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Understanding Trump’s Executive Order Limiting Immigration

Posted by Matthew Green | Jun 23, 2020 | 0 Comments

In April, President Trump signed an executive order which blocks immigration to the United States. This order, signed on April 22, was set to be in effect until “Whenever appropriate, but no later than 50 days from the effective date of this proclamation” and was to be either continued or modified based on the “consultation with the Secretary of State and the Secretary of Labor.” As of June 22, the order is not only going to be extended through December, but its restrictions are also to be furthered.    

Why has such an executive order been made?

The coronavirus pandemic has had significant economic impact and employment rates have fallen to lows equivalent to those of the Depression era.  According to the president, this ban on immigration is needed to protect American jobs.  “This order,” he said at the White House, “will ensure that unemployed Americans of all backgrounds will be first in line for jobs as our economy reopens.”  The administration characterizes the June 22 extension of the order as equally “necessary to protect U.S. workers following steep job losses amid the coronavirus pandemic,” reports the Washington Post.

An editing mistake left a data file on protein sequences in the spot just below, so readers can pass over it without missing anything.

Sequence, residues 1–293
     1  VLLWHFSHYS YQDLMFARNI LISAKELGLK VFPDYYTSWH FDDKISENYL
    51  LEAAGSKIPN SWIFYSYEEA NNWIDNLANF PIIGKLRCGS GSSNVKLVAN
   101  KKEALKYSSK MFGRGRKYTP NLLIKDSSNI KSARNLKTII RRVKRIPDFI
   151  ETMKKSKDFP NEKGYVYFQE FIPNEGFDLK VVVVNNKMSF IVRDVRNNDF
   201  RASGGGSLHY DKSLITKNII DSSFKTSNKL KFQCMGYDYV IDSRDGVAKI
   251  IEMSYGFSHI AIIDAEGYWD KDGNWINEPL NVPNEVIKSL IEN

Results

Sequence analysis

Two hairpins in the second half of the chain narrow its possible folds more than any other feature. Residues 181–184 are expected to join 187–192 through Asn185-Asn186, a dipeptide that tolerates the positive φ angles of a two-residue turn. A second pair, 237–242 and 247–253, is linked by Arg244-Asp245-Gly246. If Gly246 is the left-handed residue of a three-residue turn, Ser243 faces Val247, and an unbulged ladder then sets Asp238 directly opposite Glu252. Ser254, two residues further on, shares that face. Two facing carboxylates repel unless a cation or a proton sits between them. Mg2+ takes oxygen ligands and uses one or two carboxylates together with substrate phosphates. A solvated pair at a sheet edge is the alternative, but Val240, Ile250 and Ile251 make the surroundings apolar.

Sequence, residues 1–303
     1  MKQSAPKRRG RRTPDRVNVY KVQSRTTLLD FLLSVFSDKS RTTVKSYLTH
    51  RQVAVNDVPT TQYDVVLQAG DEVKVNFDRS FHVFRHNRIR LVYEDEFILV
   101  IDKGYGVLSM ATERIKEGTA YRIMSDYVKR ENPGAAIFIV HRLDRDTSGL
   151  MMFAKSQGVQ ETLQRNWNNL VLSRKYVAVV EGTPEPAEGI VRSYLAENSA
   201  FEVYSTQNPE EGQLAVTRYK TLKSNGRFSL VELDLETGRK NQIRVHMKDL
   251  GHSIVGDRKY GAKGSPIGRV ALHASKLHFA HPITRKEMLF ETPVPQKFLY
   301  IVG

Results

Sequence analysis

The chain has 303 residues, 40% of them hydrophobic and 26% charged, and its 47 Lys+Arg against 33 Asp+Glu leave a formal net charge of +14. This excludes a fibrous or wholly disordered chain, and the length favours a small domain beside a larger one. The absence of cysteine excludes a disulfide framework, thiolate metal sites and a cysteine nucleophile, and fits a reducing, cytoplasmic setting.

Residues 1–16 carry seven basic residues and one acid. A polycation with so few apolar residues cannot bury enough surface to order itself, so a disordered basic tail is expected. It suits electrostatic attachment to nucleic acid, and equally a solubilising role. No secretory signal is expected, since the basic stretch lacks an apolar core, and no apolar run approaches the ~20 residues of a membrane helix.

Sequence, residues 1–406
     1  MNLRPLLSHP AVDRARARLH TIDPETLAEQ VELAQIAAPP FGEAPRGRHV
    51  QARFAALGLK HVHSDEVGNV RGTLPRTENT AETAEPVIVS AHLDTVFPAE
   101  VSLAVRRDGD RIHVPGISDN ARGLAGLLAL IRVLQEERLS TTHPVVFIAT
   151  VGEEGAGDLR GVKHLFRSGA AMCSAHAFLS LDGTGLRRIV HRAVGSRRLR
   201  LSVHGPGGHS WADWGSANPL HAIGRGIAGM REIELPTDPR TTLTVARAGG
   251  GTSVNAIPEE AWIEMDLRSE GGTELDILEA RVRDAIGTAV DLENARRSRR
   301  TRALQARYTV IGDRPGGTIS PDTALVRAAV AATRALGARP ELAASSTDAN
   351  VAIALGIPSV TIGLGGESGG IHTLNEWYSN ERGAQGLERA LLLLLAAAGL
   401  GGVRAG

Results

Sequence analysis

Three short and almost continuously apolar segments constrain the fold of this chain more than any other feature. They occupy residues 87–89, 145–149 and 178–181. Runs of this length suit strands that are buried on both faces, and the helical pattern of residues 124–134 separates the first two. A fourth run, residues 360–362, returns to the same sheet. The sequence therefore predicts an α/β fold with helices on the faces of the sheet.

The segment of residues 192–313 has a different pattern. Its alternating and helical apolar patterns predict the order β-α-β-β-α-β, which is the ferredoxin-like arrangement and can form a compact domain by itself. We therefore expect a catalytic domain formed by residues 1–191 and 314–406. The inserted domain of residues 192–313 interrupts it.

Who is affected by the April 22 order? Who is not?

The executive order made on April 22 “blocks the issuance of all new immigrant (permanent) visas to people outside the United States, with some exceptions.” As specified by Immigration Impact, the ban applies to:

  • Parents of U.S. citizens

  • Adult children of U.S. citizens.